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8/23/15

Turkey: Erdogan Uses Censorship to Cling to Power - by Michael Rubin

As predicted, President Recep Tayyip Erdoğan had absolutely no intention of abiding by the results of the June 7, 2015 when, for the first time in more than 12 years, his Justice and Development lost its majority in parliament.

Joining a coalition means compromising with opposition parties rather than continuing his own tyranny of the plurality.

Hence, Erdoğan has called snap-elections for November 1. Erdoğan is no gambler, however, and he will not trust his fate to the voters determining their party pick on an even playing field.

While Turkish diplomats and perhaps their American counterparts as well seek to spin recent military operations as renewed Turkish seriousness in the fight against the Islamic State, they are anything but.
Turkey’s military disproportionately targeted the Kurds who have been fighting the Islamic State, and they have launched repeated airstrikes as well at the Kurdistan Workers Party (PKK) presence in northern Iraq, never mind the ceasefire to which Erdoğan had earlier agreed. Indeed, it’s all well and good to suggest that Turkey is fighting a renewed insurgency but the renewed outbreak of insurgency was largely Erdoğan’s political decision.

In reality, it would be just as accurate to say that Erdoğan’s regime has killed dozens if not hundreds of Turkish citizens since his party’s relatively poor showing in the June elections. Simply put, Erdoğan believes a crisis works in his favor and undercuts the electoral hopes of Turkey’s Kurds.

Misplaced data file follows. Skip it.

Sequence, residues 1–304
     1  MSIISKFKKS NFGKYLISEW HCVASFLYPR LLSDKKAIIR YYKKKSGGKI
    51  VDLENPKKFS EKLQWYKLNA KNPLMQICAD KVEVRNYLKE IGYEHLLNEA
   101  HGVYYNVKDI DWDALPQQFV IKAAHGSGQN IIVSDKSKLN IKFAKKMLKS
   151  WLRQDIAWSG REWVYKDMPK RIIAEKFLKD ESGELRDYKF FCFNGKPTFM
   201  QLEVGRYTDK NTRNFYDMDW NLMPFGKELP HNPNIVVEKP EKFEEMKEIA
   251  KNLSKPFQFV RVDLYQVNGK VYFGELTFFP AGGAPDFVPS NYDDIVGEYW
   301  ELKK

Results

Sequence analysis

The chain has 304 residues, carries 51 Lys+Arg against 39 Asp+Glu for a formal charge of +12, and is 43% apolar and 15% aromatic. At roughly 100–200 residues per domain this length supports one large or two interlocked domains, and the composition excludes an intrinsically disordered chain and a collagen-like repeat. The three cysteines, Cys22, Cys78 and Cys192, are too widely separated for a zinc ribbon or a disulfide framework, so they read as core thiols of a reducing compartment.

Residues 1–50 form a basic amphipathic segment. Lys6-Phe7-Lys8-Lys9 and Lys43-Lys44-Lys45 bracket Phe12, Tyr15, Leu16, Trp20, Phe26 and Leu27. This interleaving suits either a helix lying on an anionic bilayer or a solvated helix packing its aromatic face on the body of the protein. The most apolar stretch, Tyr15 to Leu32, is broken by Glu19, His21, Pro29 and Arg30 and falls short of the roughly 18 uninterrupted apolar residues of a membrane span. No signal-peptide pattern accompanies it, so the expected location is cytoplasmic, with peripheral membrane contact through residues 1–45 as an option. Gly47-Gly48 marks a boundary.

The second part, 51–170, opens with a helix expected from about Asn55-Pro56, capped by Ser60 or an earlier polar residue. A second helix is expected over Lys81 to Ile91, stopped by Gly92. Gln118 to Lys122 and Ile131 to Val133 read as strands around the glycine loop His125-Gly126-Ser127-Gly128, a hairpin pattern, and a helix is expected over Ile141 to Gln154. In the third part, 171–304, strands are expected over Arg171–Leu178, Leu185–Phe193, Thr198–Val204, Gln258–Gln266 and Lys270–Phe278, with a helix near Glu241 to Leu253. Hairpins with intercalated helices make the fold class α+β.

But fomenting crisis is only one mechanism by which Erdoğan will seek to cement his power. He has also taken censorship inside Turkey to new heights to prevent his opponents from pushing out their message online. “Radical Democrat” blogger Gürkan Özturan gives a chilling new report on Erdoğan crackdown on Internet news sites:

As predicted, President Recep Tayyip Erdoğan had absolutely no intention of abiding by the results of the June 7, 2015 when, for the first time in more than 12 years, his Justice and Development lost its majority in parliament. Joining a coalition means compromising with opposition parties rather than continuing his own tyranny of the plurality.

Hence, Erdoğan has called snap-elections for November 1. Erdoğan is no gambler, however, and he will not trust his fate to the voters determining their party pick on an even playing field.

While Turkish diplomats and perhaps their American counterparts as well seek to spin recent military operations as renewed Turkish seriousness in the fight against the Islamic State, they are anything but.

Turkey’s military disproportionately targeted the Kurds who have been fighting the Islamic State, and they have launched repeated airstrikes as well at the Kurdistan Workers Party (PKK) presence in northern Iraq, never mind the ceasefire to which Erdoğan had earlier agreed. Indeed, it’s all well and good to suggest that Turkey is fighting a renewed insurgency but the renewed outbreak of insurgency was largely Erdoğan’s political decision. In reality, it would be just as accurate to say that Erdoğan’s regime has killed dozens if not hundreds of Turkish citizens since his party’s relatively poor showing in the June elections.

Simply put, Erdoğan believes a crisis works in his favor and undercuts the electoral hopes of Turkey’s Kurds.

But fomenting crisis is only one mechanism by which Erdoğan will seek to cement his power.

He has also taken censorship inside Turkey to new heights to prevent his opponents from pushing out their message online. “Radical Democrat” blogger Gürkan Özturan gives a chilling new report on Erdoğan crackdown on Internet news sites:

Read more: Erdogan Uses Censorship to Cling to Power

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